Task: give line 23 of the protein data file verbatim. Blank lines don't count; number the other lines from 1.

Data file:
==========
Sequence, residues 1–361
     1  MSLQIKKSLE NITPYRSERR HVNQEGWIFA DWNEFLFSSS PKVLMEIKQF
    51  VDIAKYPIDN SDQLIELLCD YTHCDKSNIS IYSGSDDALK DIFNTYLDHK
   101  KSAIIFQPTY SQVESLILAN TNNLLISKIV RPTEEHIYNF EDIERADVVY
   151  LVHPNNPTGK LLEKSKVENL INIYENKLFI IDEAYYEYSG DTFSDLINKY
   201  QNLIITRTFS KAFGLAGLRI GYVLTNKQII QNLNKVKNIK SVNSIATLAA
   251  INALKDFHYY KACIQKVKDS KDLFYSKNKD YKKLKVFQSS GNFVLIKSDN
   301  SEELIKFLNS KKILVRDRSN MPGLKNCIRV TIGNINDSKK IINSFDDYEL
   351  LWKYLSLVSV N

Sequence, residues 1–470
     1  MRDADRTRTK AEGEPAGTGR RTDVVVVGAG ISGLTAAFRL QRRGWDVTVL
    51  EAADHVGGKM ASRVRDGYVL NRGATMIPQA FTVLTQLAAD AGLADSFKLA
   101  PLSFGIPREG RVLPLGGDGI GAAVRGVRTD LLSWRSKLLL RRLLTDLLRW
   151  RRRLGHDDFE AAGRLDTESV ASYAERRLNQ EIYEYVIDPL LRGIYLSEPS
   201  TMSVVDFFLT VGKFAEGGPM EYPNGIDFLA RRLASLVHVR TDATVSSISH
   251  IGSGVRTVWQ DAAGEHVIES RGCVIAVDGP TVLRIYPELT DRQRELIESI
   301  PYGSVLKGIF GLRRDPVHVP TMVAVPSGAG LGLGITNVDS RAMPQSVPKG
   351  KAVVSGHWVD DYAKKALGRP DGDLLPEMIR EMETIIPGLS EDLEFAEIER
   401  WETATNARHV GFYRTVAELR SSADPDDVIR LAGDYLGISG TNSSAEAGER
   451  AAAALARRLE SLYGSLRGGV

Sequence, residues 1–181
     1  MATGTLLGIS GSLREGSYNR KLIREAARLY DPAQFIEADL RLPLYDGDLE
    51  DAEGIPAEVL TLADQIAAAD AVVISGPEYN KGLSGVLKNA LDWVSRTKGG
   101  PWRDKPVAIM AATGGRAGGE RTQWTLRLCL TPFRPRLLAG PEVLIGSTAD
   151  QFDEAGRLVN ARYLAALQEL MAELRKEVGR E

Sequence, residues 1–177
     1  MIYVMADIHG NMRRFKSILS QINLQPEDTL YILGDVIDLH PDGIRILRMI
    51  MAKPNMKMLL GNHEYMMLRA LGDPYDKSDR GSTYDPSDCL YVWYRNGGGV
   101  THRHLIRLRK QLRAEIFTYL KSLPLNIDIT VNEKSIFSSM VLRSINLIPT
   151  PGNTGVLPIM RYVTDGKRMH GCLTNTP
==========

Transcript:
    51  DAEGIPAEVL TLADQIAAAD AVVISGPEYN KGLSGVLKNA LDWVSRTKGG